Genre: science fiction: superhero
Pairings: f/m, f/f
Queer Representation: cis lesbian, trans woman, gender fluid person
Warnings: a hard scene where a jerk reporter pressures Princess on her assigned gender at birth. Handled very well, but may be hard to read for trans readers
In VELVETEEN VS. THE MULTIVERSE, Vel strikes a deal with Santa and the other seasonal spirits in order to get a time do-over from her (more or less) successful attempt to overthrow the Super Patriots.
The deal, of course, came with a heavy cost. Vel must now spend time with all the seasons (except summer, which doesn’t have much interest in her) and allow them to attempt to woo her to their cause. If she declines all of them, she goes back to her reality. If she accepts one, she stays in that holiday, forever.
She had promised. She had taken the gifts that the holidays were willing to offer her. and she had always known that they weren’t free; she’d always known that she would have to pay for them, in the end.
Thus begins the final installment of the Velveteen books, where all of Vel’s chickens come home to roost and the reader gets a very, very deep look at the magical systems behind Santa Claus (winter), Halloween (autumn), and Persephone (spring). The end of the book wraps up the series nicely, with Vel making her choice and the reader getting to see how the ripples of that choice affect all the superheroes they have come to know and love.
What is most interesting about this book however, is how it looks at the rise of governmental legislation in the void of the Super Patriots Inc. While the seasons are intriguing and Vel’s trials entertaining and have the signature harshness of McGuire worlds, the social commentary on the grey areas inhabited by large corporations is the most critical piece to this book. While the Super Patriots, Inc., was responsible for a whole host of violations and moral failings, it did keep the government at large out of the legislation business when it came to superheroes.
She’d read most of the superhuman control legislation, the things proposed by frightened senators who wanted to protect their larger “normal” constituents; the somehow more terrifying things proposed by politicians who were virtually salivating at the idea of living weapons who carried no development cost, who would do as they were told and make “friendly fire” a thing of the past.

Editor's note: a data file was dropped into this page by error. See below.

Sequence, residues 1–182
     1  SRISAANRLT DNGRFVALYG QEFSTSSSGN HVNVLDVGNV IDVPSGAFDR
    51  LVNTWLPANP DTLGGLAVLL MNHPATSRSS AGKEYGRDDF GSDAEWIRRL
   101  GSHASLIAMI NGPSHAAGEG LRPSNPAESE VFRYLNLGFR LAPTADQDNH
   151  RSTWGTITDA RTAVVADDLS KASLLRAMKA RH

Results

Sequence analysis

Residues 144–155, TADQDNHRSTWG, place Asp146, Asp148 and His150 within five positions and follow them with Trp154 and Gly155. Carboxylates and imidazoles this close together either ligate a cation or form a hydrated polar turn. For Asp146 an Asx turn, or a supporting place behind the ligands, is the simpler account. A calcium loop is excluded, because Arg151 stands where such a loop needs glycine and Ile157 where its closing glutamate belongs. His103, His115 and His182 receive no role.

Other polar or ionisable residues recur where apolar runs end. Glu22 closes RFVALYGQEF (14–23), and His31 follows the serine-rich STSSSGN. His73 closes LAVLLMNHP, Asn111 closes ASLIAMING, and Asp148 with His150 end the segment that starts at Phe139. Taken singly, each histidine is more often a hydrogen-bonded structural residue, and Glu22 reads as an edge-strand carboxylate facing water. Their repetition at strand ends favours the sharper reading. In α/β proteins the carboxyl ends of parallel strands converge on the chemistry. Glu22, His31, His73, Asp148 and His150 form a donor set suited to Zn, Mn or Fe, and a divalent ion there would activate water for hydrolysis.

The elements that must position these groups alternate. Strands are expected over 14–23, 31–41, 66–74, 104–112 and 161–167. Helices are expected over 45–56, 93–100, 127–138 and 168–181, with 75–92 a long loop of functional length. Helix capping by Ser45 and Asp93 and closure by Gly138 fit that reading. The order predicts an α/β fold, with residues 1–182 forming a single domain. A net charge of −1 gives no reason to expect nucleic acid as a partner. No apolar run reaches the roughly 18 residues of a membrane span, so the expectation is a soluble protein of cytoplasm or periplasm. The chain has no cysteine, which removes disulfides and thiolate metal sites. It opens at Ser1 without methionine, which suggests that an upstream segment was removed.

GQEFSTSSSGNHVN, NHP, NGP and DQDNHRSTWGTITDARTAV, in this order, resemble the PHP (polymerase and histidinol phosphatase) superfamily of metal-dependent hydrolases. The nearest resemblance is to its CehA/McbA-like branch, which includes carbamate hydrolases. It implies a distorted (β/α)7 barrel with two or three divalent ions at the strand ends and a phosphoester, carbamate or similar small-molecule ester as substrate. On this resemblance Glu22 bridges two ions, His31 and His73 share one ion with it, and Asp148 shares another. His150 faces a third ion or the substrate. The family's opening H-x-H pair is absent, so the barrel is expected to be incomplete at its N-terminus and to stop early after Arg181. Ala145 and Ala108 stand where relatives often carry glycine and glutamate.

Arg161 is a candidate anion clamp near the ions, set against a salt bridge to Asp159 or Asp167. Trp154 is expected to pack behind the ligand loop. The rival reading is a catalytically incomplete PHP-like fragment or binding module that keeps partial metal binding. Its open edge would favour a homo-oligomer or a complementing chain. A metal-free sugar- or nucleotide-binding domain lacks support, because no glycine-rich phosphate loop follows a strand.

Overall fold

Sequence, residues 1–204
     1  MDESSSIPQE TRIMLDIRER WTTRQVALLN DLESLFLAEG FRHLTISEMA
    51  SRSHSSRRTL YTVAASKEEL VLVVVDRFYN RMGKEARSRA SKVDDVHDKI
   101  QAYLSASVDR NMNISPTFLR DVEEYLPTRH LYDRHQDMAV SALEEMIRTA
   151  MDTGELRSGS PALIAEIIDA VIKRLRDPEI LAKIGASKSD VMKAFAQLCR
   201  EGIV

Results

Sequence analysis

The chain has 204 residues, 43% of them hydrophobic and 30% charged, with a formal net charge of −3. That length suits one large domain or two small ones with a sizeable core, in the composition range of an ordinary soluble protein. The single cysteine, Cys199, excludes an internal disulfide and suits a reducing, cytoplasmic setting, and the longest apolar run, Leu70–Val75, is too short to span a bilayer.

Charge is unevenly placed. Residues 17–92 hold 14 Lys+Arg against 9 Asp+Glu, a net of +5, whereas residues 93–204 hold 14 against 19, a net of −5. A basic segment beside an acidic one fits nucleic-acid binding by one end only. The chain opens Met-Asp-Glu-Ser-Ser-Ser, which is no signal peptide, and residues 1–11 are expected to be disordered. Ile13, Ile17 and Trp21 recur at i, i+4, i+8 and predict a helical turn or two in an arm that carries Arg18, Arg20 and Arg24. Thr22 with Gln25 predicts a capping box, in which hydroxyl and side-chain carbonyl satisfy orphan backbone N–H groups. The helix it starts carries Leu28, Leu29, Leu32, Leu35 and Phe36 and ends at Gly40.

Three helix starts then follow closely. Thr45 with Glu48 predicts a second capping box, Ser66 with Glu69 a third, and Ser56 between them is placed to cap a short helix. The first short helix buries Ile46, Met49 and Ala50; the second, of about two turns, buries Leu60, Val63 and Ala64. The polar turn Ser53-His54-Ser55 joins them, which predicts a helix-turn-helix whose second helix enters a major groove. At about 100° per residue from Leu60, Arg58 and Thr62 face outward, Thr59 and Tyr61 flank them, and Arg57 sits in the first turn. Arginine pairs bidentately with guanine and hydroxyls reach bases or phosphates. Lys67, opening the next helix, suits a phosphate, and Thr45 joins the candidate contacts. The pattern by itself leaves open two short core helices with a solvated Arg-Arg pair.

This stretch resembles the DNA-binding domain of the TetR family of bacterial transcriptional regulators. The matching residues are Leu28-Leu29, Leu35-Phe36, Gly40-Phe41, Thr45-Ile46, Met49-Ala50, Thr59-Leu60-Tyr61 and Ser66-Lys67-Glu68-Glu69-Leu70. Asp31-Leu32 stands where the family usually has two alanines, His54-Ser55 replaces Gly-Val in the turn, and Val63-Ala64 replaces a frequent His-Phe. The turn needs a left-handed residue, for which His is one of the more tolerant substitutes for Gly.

In that vacuum, the United States has taken up the legislation game. Readers get to watch the slow slide from what seems a ‘reasonable’ law to what is a clear grab of power and/or fear. The changing political climate over the three years Vel spends with the seasons adds an additional string of tension to the stories, pulls them together, and serves to further entrench Vel into our hearts.
This is not to say that Vel’s time in the seasonal lands isn’t engaging. Her first stop, Winter, is heartbreaking in the best and worst ways. In the previous two books we have seen Vel’s close attachment to Santa Claus, his role as a near father figure, the warmth she gets from her friends there and how she had used Winter as a tether during her time with the Super Patriots. Hence, returning to Winter not as a visitor but as a resident emotional destroys Vel and the reader at the same time–seeing the cruelness of Santa, of the other holiday spirits, of how they need Vel so they must use Vel, despite their fondness of her.
On a more uplifting note, everyone’s favorite lesbian couple does feature again in THE SEASONS, though not as prominently as in book two. But the friendship that grows between Vel, Princess, Jack(ie), Polychrome/Sparkle Bright (or whichever code name you prefer for her), and Victory Anna is everything one wants in found family, especially superhero found family.
The emotional conclusion to the Velveteen series is more than worth the cost of admission, even if you have to scour the internet to find copies to buy. Lucky for you, Vel visited from her Earth to let you know that you can buy the hardback here.